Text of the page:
No Touching


OPINION — Ever since I was a kid I’ve enjoyed football. Not soccer, which everyone outside the US calls football. Real football. The sport of kings. A game that’s so rough the players have to wear padding under their jammies to keep from getting damaged too bad. A head-to-head standoff between two teams of six players on an 80- by 40-yard field of grass. Or maybe rocks. And dirt. Lots of dirt. You need the dirt to soak up the blood.

Six-man football is the essence of the game, but most high schools play the second-tier iteration, eleven-man football. Which is good, just not as good as six-man. Still, it beats par cheezie. And I don’t have clue one what par cheezie is.

Beyond the high school level, football isn’t football anymore. It’s a business. If it don’t make money, it don’t happen. Which is why I only watch college and pro football when I’m invited to a friend’s house, and I always make sure there will be plenty of food involved. Preferably chips and salsa.

But I watched a lot of football on television with my dad and brother when I was a kid. I had a poster of the 1972 Dallas Cowboys on the wall of my bedroom, and I read Jerry Kramer’s ‘Instant Replay’ several times, pre-puberty, so I feel imminently qualified to express my opinion whenever any kind of gridiron dispute arises on social media. So does everyone else, apparently.

Such disputes are about as rare as dirty socks these days. You can’t sling a cursor during the fall without hitting a post about a bad call, or a poor coaching decision, or a fumble that wasn’t really a fumble because it was caused by the ground and that guy never had possession in the first place why was it ruled a touchdown what’s wrong with those refs are they blind my GRANDMOTHER COULD REF BETTER THAN THAT YOU MORON!

My point is that it’s far easier to tell what happens on any given football field from the stands than it is when you’re right there on the field with the players, according to what I read on social media. And it’s even easier if you’re watching the game on television. Case in point being the controversial call at the end of the Cowboys vs. Lions game this past Saturday evening, which Detroit obviously would’ve won if not for the abysmal call that cost the Lions a two-point conversion with something like 23 seconds left. Those rascally refs.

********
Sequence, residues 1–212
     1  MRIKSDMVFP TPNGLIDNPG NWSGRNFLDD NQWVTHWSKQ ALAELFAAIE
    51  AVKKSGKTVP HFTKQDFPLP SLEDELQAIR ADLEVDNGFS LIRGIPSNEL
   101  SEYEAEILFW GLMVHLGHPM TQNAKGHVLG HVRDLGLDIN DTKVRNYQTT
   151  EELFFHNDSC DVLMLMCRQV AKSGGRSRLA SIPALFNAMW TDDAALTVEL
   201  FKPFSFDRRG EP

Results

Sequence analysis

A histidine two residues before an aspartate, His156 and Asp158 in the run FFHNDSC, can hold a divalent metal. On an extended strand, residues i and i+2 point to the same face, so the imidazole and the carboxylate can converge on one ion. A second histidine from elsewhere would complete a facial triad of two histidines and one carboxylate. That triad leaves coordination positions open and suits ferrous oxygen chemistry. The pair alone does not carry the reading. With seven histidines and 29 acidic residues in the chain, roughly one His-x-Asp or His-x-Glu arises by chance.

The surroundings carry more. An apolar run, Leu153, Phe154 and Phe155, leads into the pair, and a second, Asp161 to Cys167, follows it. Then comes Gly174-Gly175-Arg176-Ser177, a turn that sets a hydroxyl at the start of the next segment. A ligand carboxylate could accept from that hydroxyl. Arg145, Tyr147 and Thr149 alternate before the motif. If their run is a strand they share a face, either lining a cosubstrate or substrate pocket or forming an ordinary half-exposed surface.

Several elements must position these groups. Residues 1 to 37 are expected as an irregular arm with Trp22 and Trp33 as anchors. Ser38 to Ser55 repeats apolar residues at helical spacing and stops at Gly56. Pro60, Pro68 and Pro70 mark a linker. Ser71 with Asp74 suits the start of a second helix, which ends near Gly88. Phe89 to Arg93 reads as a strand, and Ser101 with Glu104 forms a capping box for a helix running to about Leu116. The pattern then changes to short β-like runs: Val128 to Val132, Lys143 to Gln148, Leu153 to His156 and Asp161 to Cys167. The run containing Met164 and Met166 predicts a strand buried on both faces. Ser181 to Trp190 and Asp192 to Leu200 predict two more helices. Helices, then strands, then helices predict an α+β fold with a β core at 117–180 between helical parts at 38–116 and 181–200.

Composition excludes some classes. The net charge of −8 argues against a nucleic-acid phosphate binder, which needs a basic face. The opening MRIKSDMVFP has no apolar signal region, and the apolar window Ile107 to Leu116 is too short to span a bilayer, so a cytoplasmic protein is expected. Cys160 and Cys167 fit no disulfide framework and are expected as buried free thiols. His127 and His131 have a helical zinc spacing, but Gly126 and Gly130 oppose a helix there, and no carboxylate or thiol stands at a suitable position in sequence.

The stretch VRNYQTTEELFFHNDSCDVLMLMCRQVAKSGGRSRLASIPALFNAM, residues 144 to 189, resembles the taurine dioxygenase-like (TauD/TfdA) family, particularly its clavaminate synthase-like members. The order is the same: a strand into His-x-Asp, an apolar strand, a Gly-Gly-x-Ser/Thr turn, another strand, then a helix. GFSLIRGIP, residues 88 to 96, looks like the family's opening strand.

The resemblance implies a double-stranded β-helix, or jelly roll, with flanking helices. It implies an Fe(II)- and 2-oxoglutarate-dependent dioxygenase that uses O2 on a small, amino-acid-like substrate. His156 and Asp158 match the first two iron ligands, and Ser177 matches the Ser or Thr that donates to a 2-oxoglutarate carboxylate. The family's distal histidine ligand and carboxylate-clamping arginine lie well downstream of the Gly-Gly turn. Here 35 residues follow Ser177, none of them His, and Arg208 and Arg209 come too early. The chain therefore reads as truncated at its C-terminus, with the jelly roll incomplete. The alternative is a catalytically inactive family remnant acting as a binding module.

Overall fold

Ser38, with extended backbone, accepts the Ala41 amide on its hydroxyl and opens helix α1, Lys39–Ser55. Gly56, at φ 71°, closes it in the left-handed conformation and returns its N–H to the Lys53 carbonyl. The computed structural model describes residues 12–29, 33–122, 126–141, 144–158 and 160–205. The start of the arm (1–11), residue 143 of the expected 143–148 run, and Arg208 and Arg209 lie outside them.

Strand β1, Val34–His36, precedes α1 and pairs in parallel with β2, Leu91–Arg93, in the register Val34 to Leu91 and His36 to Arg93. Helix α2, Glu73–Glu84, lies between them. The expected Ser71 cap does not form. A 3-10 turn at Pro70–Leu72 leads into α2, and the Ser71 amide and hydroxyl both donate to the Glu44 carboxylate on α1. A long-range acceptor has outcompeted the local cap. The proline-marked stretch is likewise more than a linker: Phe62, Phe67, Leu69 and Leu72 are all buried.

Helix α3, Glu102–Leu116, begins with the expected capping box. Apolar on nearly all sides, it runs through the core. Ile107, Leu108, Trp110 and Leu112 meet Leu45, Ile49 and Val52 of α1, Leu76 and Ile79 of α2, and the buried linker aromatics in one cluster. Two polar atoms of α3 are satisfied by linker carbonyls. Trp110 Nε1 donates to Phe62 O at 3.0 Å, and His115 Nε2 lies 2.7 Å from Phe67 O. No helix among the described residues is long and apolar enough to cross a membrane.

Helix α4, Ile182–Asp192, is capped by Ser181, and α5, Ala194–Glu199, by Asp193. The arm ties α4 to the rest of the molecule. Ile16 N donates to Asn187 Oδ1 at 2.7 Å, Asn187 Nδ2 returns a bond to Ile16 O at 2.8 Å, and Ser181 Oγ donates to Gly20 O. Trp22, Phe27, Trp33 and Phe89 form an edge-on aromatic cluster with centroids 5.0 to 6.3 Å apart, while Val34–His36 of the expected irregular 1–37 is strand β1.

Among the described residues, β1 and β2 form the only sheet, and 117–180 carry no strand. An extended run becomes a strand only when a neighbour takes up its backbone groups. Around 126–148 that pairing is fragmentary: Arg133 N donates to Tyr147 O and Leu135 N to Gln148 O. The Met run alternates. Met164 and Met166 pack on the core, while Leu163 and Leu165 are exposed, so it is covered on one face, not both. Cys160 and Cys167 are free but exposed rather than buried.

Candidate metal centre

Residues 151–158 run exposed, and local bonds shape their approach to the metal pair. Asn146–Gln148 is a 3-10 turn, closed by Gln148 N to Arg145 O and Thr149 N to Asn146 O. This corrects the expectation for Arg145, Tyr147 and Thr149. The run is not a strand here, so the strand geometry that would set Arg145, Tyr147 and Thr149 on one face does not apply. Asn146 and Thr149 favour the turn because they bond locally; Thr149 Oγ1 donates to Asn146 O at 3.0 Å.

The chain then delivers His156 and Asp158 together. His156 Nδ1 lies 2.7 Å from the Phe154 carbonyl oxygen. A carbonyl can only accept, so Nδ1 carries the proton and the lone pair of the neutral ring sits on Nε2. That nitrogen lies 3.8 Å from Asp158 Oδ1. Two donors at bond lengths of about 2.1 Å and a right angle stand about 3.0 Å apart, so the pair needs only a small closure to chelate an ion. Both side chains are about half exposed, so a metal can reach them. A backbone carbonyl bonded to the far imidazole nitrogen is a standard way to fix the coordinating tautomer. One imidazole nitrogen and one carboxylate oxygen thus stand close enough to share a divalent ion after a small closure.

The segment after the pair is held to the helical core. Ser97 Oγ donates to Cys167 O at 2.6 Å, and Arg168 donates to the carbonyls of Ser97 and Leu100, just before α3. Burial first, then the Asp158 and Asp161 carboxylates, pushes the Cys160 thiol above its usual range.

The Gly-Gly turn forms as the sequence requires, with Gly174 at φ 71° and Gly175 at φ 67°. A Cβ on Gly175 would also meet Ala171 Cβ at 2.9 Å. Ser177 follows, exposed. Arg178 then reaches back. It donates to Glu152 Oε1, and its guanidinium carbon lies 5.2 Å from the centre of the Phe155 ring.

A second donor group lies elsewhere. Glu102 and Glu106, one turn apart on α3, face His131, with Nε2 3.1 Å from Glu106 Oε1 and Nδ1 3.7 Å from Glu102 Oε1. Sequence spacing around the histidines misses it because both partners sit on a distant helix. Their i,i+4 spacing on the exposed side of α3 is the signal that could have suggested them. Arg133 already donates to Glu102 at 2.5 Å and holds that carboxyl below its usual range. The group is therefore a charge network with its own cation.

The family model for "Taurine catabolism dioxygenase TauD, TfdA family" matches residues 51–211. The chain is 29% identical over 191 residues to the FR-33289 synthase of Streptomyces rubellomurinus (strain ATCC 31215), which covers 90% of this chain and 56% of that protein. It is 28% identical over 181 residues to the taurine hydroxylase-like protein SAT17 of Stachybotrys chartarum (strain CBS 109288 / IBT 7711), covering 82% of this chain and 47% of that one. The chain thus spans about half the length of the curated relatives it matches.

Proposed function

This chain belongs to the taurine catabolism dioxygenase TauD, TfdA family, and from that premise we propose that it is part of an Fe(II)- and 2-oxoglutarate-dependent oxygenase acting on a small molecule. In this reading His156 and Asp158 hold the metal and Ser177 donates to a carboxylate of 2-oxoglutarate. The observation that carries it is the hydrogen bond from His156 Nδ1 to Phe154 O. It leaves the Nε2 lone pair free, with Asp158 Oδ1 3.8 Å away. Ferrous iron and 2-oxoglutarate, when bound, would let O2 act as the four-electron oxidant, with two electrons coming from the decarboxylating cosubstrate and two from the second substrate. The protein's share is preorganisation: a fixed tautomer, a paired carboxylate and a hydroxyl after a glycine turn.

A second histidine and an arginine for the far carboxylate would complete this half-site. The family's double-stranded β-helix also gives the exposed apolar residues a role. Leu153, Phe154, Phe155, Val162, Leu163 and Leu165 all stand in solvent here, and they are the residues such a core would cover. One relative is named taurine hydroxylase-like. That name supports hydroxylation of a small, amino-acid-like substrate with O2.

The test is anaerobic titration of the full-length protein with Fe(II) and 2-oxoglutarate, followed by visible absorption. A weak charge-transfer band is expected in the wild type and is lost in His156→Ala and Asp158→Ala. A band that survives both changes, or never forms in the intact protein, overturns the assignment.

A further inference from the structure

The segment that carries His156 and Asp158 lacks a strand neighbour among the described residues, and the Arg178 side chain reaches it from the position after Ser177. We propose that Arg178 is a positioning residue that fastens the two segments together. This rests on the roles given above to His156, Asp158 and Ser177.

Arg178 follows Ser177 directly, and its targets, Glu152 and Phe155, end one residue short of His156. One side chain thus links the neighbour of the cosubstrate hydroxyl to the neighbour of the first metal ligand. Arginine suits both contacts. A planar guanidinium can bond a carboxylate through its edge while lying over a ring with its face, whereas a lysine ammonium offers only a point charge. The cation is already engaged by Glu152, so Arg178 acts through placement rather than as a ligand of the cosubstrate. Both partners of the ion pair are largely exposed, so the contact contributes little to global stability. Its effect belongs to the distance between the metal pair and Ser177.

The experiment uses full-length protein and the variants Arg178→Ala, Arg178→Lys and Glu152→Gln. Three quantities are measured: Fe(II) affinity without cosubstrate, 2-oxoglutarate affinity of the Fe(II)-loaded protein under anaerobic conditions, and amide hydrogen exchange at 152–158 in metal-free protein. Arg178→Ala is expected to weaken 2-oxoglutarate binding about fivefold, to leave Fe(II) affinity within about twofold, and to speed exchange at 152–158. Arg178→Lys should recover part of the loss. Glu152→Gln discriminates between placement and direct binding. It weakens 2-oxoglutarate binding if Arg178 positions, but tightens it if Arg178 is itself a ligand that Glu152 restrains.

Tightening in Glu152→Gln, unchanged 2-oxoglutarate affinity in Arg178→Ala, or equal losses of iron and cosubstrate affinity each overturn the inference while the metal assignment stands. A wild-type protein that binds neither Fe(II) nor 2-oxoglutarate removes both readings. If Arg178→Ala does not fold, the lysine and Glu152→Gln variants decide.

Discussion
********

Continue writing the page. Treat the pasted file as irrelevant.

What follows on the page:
Or, to put it another way, it was a good call poorly described, and Dallas pulled off a fantastic win in a close, pivotal game which just might determine the outcome of the Super Bowl, which I probably won’t watch anyway unless someone with lots of chips and salsa invites me to their house. Homemade salsa is much preferred by the way.

Right now that one call seems to be a lot more important to most people on social media than homelessness, or politics, or the war in Israel, or air. For some reason. So, as a public service, I’m going to apply my extensive expertise and experience in judging football plays from the comfort of my home and settle this matter, so everyone concerned can quit worrying about it and get back to their regular lives. You’re welcome.

Here’s what happened. Detroit scored a touchdown with about 23 seconds left in the game, bringing the score to Dallas 20, Detroit 19. Detroit decided to go for two, and three Lions players approached referee Brad Allen before the attempt. One of them, Decker, says he reported to Brad that he would play as a legal ball receiver on that play. Decker, by the way, is a fantastic name for an NFL lineman.

Decker ended up catching a pass for the two-point conversion, but it was called a foul, and not counted. Brad said the penalty was for ‘illegal touching,’ which means something far different than what I thought at first, if you catch my drift. Brad said later that another Detroit player, Scooter or something, reported as a ball handler, but not Decker. Then the Lions tried some more to get extra points, failed, and lost the game to Dallas.

Now, to be clear, allowing a lineman to legally catch a pass should either be allowed all the time or never. The NFL needs to fix that sometimes rule, especially since it’s allowed without telling the defense about it ahead of time. That’s the dumbest thing I’ve ever heard, vis a vis rules, for any game. It’s like if you’re playing poker, and the dealer’s duces can count as aces if he wants, but he doesn’t have to tell anyone else about it up front. It’s insane.

Second, when a lineman DOES declare his eligibility to handle the ball to the ref before a play, he must subsequently line up in an appropriate ball handling position on the field. Decker did not do that for the play in question. He was ‘covered’ by his teammate, #8, a tight end (no touching), who lined up outside of Decker. So even if Decker DID legitimately report to the ref, which would’ve made him eligible to catch the pass, he then negated said eligibility by squatting in the wrong location. Bummer.

THE REFS WERE RIGHT: NFL Releases Video EXPLAINING Taylor Decker ILLEGAL TOUCHING | Lions vs Cowboys

The bottom (no touching) line is that Brad made the correct call, but didn’t explain it well. Detroit violated the rules, Dallas legitimately won the game, and you can all go back to what you do best. Looking for a bad call to complain about.

You wanna pass that salsa . . .

Kendal Hemphill is an outdoor humor columnist and public speaker who is available for select Super Bowl parties. Write to him at [email protected]

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